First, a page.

Gender Mainstreaming in Marine Science

© Mauritius Oceanography Institute. Dr Moothien Pilley and her colleagues in the field.

In recent years, the number of women involved in science has significantly increased. But, although there are encouraging signs, women are still under-represented in science. Today, women account for only 30% of the world’s researchers, and even lower percentages at higher decision-making levels. Regarding marine science and ocean research – that is oceanography, including biology, physics, chemistry, ecology, geochemistry, geology, geophysics, computer and electronic engineering, marine instrumentation and other disciplines in investigations of the marine environment – women appears to be particularly rare to pursue such career paths.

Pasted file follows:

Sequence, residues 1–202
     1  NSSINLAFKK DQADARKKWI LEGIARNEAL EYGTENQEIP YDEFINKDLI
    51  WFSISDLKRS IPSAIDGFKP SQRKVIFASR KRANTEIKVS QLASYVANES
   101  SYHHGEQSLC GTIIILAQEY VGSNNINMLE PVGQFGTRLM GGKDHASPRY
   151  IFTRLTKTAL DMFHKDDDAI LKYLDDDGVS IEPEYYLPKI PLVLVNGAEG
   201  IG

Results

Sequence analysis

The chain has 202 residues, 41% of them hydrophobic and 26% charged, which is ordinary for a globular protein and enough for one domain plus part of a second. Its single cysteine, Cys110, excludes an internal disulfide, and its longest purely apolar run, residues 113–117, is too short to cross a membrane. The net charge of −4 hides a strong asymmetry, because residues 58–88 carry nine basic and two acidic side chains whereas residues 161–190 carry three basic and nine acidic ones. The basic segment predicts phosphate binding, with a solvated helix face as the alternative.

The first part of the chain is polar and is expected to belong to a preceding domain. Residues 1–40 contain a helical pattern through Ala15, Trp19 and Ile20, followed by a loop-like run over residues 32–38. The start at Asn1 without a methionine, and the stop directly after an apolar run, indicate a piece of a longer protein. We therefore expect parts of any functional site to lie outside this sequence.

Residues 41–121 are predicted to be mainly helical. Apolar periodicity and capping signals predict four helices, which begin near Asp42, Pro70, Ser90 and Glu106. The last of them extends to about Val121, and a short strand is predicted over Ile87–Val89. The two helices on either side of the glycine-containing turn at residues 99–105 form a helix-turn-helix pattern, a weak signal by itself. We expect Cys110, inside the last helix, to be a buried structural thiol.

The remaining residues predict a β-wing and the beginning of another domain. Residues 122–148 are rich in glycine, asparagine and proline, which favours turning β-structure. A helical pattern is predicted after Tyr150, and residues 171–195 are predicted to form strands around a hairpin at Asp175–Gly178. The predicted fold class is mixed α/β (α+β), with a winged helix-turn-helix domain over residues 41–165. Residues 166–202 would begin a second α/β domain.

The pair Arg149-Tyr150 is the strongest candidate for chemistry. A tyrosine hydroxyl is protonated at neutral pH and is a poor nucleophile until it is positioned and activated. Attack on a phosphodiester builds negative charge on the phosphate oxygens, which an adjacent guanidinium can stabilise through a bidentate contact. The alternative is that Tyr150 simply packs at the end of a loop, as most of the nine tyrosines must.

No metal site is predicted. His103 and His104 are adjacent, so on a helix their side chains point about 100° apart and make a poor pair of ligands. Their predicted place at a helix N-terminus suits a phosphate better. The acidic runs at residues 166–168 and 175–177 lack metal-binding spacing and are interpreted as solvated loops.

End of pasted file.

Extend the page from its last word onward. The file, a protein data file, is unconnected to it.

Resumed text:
The Intergovernmental Oceanographic Commission of UNESCO (IOC-UNESCO) ensures gender mainstreaming in its activities and projects at all levels of action. In particular, the Commission aims to promote the equal representation of men and women within the marine science community as a whole. To that end, through its “Initiative for Women Marine Scientists”, IOC-UNESCO supports and celebrates the achievements of women scientists, with the objective of creating role models for girls to identify with and follow.

Women who have dedicated their lives to marine sciences and to the protection of the marine environment have agreed to share their stories, and to help us understand how UNESCO-IOC can work together with them in the promotion of gender equality. Through this project, the Commission hopes to encourage young women to pursue careers in science and in particular, science related to the ocean.

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